Q: What brought you back to Columbia?
I would like to say family. But the truth is, I was a little worn out from the rat race of New York City. I say ‘rat race’ in a good way. Because I adore NYC and it's vital for all sorts of reasons - economically, culturally, and as an epicenter of global business. But after almost 10 years, I had a high level of anxiety and needed to center myself and bring some level of zen back to my life. It was a good decision.
Q: After your experience with fashion design, you said you are now working with business development and operations with Faber Enterprises. What made you choose this route?
Well, working with Faber Enterprises kind of chose me in a sense. My father, Lee Faber and his brother, James Faber, have been in construction, in some way, since I can remember. When I returned, I started to assist him on projects with clients. From payroll to working on the ground, learning first-hand to manage a job from start to completion. So I effectively traded in my stilettos for construction boots. Along the way, I saw certain gaps in the company structure that needed more attention, to position itself to reach further heights.
Q: How did Debut Magazine officially begin?
Debut has had a few beginnings. It initially started in 2004 with the publishing of our preview issue. From there, it went on hiatus for few years and came back in a blog format in 2010, to its current revamp this year.
Q: Where do you get your writers and editors?
I find writers from industry contacts, direct employment inquires, and believe it or not, Craigslist. I put an ad on there and received so many qualified responses.
Q: Whose style do you admire the most now?
You know, this may be weird, but I am not really into fashion in that way. There’s noone’s style I really follow. Plus, the majority of celebrities today are merely styled. There’s tremendous effort behind the scenes from agents and stylists to develop a look. It’s manufactured and not one’s natural sense of style coming through. So I am more inclined to like the creative style of fashion professionals behind the scenes. For instance, I like the creative eye and styling flair of Samir Nasar. She’s the Fashion Director of Elle Magazine. I’m inspired by her fashion editorials from the story line - how she assembles an outfit to the models. I also like Pat McGrath, legendary make-up artist whose work is all over the international fashion runways and top fashion magazines.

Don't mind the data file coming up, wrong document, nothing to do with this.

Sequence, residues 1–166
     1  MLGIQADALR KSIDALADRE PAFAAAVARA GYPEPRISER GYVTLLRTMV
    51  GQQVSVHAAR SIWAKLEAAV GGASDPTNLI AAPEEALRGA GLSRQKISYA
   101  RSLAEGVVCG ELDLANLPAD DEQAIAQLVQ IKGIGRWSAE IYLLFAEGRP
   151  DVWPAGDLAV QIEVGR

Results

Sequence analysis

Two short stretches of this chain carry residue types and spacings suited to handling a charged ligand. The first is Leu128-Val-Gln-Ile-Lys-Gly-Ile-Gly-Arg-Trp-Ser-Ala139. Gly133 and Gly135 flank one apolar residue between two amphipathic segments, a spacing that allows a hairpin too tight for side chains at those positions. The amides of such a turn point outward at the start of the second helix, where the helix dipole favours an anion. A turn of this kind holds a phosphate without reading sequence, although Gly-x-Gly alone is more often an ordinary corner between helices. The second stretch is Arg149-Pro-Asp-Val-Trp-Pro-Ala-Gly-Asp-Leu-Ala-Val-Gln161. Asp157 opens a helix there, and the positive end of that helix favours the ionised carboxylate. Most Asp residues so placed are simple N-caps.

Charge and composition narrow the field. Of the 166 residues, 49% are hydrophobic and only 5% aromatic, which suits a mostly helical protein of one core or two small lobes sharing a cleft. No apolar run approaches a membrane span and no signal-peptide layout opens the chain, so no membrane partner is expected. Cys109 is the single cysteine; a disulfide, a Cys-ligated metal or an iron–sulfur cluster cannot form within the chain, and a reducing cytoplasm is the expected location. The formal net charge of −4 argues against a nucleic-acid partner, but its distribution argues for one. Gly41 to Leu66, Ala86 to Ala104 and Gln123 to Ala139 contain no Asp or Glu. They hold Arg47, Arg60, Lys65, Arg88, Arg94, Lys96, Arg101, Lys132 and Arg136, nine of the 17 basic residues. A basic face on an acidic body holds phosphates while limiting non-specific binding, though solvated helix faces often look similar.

Q: As you said yourself, “Columbia is not known as a hotspot for international fashion.” How can Debut Magazine contribute to the innovation of this community, and in what ways - how do you plan on doing that?
That’s a great question and one I have been trying to find the answer to, since I have been here. So far, I publish Dèbut from an international perspective. I just happen to reside and work in Columbia, South Carolina at the moment. I don’t see that changing. But I have tried several times to develop a local creative team of photographers, stylists, make-up artists and models. Unfortunately, I haven’t had success in assembling a team here, which sucks. Basically if you have a strong team, it resonates, whether you’re in New York, Los Angeles or Paris. I’ve reached out to others, but I can only do so much. There has to be a reciprocation from talent that wants to create something that has more than a local appeal.
Q: What keeps you motivated?
My dreams and family keep me motivated.
Q: What is your favorite quote or music?
My favorite quote is, “with faith all things are possible.”